Although they physically look and have Latin surnames, a total of five million Hispanics do not consider themselves as "Hispanic" or "Latino," according to a report released by the Pew Research Center, written by Mark Hugo Lopez, director of Hispanic and Global Migration and Demography research; Ana Gonzalez-Barrera, senior researcher; and Gustavo López, research analyst. The report says that due to the process of integration in the United States, their cultural identity faded over time.

As presented by the research, 18% of Americans identify themselves as Latino or Hispanic. The document is supported by two national surveys conducted by Pew in 2015, where in-depth interviews were conducted with Hispanics who do not feel as such.

According to Pew, third-generation Latinos are losing their "Hispanic identity" over time if they are born in the US with parents also born in the United States and immigrant grandparents, but Latinos who came to the US from Latin America or Spain, as well as those born in the United States with at least one immigrant parent, maintain a high percentage of Latino identity, with 97% and 92%, respectively. This means that first- and second-generation Hispanics still feel identified with the culture.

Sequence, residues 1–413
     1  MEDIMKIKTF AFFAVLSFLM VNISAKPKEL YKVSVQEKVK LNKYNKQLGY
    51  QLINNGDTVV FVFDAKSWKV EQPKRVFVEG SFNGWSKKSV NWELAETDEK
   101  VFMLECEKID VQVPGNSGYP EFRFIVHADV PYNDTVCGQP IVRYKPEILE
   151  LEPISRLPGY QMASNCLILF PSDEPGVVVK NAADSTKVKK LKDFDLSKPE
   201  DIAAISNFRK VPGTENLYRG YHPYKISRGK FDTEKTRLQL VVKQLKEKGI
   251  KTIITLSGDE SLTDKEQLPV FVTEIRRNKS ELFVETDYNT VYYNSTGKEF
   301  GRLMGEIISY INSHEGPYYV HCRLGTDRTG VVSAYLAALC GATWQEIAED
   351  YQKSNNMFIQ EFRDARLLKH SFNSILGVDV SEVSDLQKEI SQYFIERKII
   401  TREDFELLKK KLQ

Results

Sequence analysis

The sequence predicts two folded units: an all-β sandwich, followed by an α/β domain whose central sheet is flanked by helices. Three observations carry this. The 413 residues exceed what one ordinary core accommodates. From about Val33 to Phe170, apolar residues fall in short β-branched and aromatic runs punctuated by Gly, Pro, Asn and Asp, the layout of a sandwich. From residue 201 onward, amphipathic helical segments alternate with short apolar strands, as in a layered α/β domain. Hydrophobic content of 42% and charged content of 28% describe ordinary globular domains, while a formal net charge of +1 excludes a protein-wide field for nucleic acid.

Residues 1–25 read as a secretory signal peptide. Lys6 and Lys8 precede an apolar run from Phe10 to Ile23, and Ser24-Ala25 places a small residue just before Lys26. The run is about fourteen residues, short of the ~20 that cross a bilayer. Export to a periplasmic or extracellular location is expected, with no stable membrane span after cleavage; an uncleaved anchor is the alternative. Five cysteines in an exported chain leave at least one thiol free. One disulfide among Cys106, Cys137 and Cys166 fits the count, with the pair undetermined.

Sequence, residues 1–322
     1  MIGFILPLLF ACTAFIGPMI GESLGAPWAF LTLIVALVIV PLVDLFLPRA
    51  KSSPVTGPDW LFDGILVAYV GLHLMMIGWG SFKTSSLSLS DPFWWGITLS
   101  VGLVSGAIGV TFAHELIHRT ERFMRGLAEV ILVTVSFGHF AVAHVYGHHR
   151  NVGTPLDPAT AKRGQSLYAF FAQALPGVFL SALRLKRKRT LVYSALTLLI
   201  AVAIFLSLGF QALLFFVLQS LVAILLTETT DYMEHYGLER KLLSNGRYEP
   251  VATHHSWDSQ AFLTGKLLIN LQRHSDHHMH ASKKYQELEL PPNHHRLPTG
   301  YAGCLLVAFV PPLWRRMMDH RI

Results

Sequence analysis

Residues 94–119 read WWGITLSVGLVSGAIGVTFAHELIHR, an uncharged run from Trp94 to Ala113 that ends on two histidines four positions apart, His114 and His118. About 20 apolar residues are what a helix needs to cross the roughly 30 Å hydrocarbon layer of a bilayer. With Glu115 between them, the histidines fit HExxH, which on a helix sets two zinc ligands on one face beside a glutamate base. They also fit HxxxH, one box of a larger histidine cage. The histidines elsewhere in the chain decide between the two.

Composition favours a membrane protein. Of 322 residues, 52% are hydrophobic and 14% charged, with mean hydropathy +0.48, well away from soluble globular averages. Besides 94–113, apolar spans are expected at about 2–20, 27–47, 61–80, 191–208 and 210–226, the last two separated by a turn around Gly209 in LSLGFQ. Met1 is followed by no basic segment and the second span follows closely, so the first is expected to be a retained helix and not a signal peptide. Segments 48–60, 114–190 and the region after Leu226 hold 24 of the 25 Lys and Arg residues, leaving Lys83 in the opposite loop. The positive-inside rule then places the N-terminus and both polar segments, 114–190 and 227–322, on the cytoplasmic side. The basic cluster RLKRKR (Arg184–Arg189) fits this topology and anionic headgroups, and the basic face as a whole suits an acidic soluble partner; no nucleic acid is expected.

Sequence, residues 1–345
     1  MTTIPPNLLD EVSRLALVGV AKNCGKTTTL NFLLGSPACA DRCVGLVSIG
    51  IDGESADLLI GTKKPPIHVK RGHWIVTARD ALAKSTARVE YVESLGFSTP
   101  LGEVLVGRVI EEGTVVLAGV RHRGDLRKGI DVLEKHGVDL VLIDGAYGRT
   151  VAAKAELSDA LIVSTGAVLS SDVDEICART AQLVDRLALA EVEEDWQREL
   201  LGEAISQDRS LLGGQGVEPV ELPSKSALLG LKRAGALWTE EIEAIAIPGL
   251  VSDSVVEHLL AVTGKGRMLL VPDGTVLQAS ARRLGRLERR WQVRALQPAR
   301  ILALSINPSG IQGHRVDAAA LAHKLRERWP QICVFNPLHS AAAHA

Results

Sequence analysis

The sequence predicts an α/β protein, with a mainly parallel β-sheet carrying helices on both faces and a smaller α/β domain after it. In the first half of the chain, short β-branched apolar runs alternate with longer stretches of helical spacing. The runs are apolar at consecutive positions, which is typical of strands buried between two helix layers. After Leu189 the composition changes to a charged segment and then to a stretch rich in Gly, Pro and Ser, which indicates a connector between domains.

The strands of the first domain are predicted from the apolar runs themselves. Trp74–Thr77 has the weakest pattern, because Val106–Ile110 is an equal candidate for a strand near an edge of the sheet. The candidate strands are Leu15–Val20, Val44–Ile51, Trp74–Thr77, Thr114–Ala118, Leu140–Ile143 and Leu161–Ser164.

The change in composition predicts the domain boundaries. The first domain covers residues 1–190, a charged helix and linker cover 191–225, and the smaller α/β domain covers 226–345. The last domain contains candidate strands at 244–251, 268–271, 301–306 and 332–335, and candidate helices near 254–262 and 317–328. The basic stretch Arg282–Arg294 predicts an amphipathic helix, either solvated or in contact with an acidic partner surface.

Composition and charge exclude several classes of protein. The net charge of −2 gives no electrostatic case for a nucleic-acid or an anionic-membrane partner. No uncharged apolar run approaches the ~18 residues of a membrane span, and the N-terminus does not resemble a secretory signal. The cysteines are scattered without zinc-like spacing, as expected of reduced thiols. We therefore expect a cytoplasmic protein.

Pew believes that this is because there is an increase in marriage rates between races. In 1980, 931,000 Latinos married someone outside their ethnic group, and in 2015 that figure rose to 2.9 million, outnumbering whites and African-Americans in the selection of interracial couples.

The study confirms that talking about cultural heritage and celebrating it is an important influence when it come to ethnic identity. In November Pew Research Center also reported that the population of Spanish-speaking Latinos born in the metro areas of the Unites States in ages 5 and older has decreased. 

Pew questioned if speaking Spanish or having a Spanish last name makes one Hispanic. Bringing to the table what happened during a debate in the 2016 presidential campaign, when Republican candidate U.S. Sen. Marco Rubio showed curiosity whether Ted Cruz, another senator and GOP candidate, spoke Spanish. 

Even though some say that someone is “more Latino” if they speak Spanish than someone who does not speak Spanish, the analysis shows that seven-in-ten (71%) Latino adults say speaking Spanish is not required to be considered Latino. And among U.S.-born Latinos, higher shares say the same: 84% of second-generation Latinos and 92% of third or higher generation Latinos (the group farthest from their family’s immigrant roots) say speaking Spanish does not make someone Latino.